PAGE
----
Press Release: R.K. Tongue Welcomes Rachel Fox, Director Employee Benefits Sales and Consulting

July 15, 2021

R.K. Tongue Co., Inc. is thrilled to announce the addition of Rachel Fox to our Dental and Professional Services Insurance team as Director of Employee Benefit Sales and Consulting. Rachel is a licensed Life and Health producer and broker based in the mid-Atlantic area.   She brings decades of experience in new account acquisition, client relations, turn-key solutions adapted to meet employer constraints, and customizing benefit programs for business owners and employees alike.  

After studying abroad in Australia, Rachel graduated with a Bachelor of Science degree in Biology from the University of Mary Washington in Virginia where she played field hockey and rugby. Rachel began her career in the insurance industry in 2002 as an outside sales associate and went on to build and manage one of the largest Aflac agencies in the country. She has lectured regionally on employee benefit design strategies and was frequently retained as a motivational speaker to sales organizations in Maryland. Rachel paused her career, until recently, to raise and homeschool her children.

We are proud to welcome Rachel to our team and excited to introduce her to the sophisticated types of clients, like Medical and Dental Practices, DSOs, Law Firms, and small/middle-market commercial enterprises that R.K. Tongue specializes in serving. Rachel is laser-focused on managing our existing resources to deliver unsurpassed service to our current clients while developing the growth of our firm’s rapidly growing employee benefits practice.

Rachel lives in Phoenix, Maryland with her husband and three children. In her spare time, she enjoys coaching her girls’ field hockey team, making farmhouse signs, painting, singing at church, and instilling her love of entomology in her kids. 

COVID-19 Insurance FAQ

Plain-English Answers to Your COVID-19 Insurance and Benefits Questions

Will business interruption insurance pay for my lost collections due to office/business closure?

Most likely, no. In the absence of an Act of Congress, Commercial business interruption insurance generally requires direct physical damage to a covered property as a trigger. When in doubt, file a claim since only your insurance carrier can make a final determination.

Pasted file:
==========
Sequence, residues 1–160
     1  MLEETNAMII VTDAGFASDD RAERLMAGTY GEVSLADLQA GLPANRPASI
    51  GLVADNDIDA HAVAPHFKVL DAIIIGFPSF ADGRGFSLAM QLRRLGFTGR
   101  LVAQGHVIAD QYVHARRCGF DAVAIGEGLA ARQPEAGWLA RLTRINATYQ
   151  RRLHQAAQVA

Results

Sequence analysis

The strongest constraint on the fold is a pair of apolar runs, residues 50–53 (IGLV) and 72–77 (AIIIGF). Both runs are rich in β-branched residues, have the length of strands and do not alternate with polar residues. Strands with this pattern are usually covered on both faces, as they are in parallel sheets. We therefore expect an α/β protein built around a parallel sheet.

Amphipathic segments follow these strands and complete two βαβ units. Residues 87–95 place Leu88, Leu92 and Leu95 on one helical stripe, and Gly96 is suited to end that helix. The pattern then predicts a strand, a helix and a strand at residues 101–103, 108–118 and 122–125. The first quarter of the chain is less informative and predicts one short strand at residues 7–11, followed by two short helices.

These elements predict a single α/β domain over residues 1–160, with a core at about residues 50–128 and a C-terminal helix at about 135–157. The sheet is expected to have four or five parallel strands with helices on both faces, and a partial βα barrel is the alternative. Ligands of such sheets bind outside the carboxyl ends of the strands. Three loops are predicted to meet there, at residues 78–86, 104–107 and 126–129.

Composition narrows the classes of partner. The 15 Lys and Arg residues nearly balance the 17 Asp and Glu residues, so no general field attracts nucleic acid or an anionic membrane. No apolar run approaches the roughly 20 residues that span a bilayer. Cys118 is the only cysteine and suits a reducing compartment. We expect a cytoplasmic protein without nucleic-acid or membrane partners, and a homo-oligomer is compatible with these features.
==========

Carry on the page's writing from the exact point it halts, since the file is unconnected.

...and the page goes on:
Does the declaration of a national or state emergency, mandatory business closure, or stay-at-home order change my business interruption insurance claim eligibility?

In the case of COVID-19, no. Business interruption insurance typically includes a “civil authority” provision that extends business interruption coverage when access to an insured office is specifically prohibited by the government or similar authority, but this provision still requires direct physical damage to property in the immediate vicinity of an insured office. Only an unprecedented and potentially unconstitutional Act of Congress can cause an insurer to provide coverage that is not otherwise present within the policy contract.

Will malpractice insurance provide for defense and indemnity expenses if a patient alleges exposure and infection due to dental services?

Yes, assuming the exposure and infection relates to a “dental incident”. However, specific claim circumstances must be examined in order to determine coverage, and exceptions will exist. For example, exposure that occurs in a reception area or dental office building when no dental services are rendered would likely be disclaimed by malpractice insurance but very likely be covered by General Liability insurance.

Does the declaration of a national or state emergency, mandatory business closure, or stay-at-home order change how my malpractice insurance responds?

It may. For dentists, professional associations like the ADA and most state dental associations initially recommended that dental offices cease all non-emergency operations. Most healthcare organizations were similarly guided to cease performing elective procedures. More recently, governments and civil authorities legally mandated the total closure of dental offices except in cases of emergency. Failure to comply with laws or mandates can trigger exclusions within the malpractice insurance policy.

As a further result of mandatory closures and stay-at-home orders, some insurers or programs that use “warranty statements” within their applications and policies are proactively imposing coverage restrictions associated with COVID-19.  Meanwhile, insurance programs like the Professional Protector Plan and Physician’s Protector Plan utilize policy language that defers to dental licensing and regulatory authorities to govern coverage.  When in doubt, contact the company or your agent/broker for guidance.

Are malpractice insurers providing COVID-19 risk management and standard of care guidance?

Generally, malpractice insurers and program administrators are providing resources and risk management guidance.  This guidance often includes heightened infection control protocol and specific discussion and informed consent concerning COVID-19.  Nevertheless, standard of care remains defined by the average level of care exercised by a prudent provider in the community. 

Will my insurance company provide me with premium payment relief during the COVID-19 outbreak?

Most insurance companies are voluntarily offering extended grace periods for premium payment and some are working on ways to provide discount credits or deferred payment opportunities to policyholders whose businesses are shut-down or in cases where normal business operations are significantly limited. Additionally, insurance regulatory authorities in some states mandate policy cancellation forbearance and extended premium payment grace periods. Policyholders should consult with their insurers directly to determine what premium concessions are available.